NOW listen here Bond, MI6's budget isn't quite what it used to be -- I'm afraid you're going to have to lose the DBS.
But what is a self-respecting spy going to do when the diamonds aren't forever and the casino isn't so royale? Times of austerity demand sacrifices, but Bond has still got standards. Thankfully he can save Q's bean counters a few quid by choosing the new Aston Martin Virage.
Sitting a hair-trigger away on performance from James's current car, the Aston Martin DBS, the Virage's 6.0-litre V12 punches out a respectable 490bhp. Okay, it's not quite as fast as a speeding bullet, but 0-100km/h in just 4.6 seconds and a 300km/h top speed should be more than enough to escape murderous henchmen.
The new car is elegant enough to pull up outside any super villain's lair, too, with its DB9-based body gaining a few subtle styling tweaks that strengthen its lines. The Aston Rapide-sourced lights add to the Virage's assertive new look and turn night into the living daylights.
Inside it's as beautifully hand-crafted as ever, even if the ejector seat, weapons drawer and oil-slick button are curiously absent in our test car. The satnav is a bit of a revelation: better than anything Aston's ever offered before, it's quick and easy to operate, making the DB9's old Volvo-sourced system look as sophisticated as Sean Connery's radar-equipped DB5.
We're not sure you'll get any hostages in the boot, though a couple of golf bags should fit. The rear seats are next to hopeless, too -- all the better then to opt for the brilliant sports seats that demand losing the back pews, holding you tighter when you're in need of the Virage's agility. It's unlikely that Bond would go for the Madagascar Orange paintwork though, with something subtler perhaps more befitting for someone trying to slip by unnoticed.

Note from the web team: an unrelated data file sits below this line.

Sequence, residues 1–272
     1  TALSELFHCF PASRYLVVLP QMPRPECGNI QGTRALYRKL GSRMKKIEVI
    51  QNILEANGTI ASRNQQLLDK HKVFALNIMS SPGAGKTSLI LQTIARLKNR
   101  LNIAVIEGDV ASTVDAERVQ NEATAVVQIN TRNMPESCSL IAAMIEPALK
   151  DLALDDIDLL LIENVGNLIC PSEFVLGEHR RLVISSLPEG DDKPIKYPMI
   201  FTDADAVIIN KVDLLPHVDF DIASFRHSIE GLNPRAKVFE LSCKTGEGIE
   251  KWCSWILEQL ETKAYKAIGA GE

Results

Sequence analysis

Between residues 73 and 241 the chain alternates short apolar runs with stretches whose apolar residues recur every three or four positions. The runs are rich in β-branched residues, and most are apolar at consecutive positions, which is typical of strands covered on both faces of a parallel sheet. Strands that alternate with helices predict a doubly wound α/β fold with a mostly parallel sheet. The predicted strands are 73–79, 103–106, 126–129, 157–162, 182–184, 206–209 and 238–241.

Even in a more sober colour that might prove tricky -- as wherever the Virage goes, heads turn. Blame those neat design details, or the glorious howl coming from the 6.0-litre V12 engine. Blip the accelerator and your eyebrow will rise in Moore-esque appreciation, while the steering column paddles operating the six-speed automatic gearbox work with the precision of a well-oiled Walther PPK.
But as impressive as the engine are Aston Martin's chassis changes. Thanks to a variable damping system clever enough to impress Q's boffins, the Virage combines fine-ride quality with a more exciting drive. It'd even cope with Irish roads.
Sitting between the fine grand-touring ability of the DB9 and the heart-stopping pace of the DBS, the Virage is the best all-round choice of Aston's three DB9-based models. In short, it's all any self-respecting spy could ever need.
Sunday Independent Supplement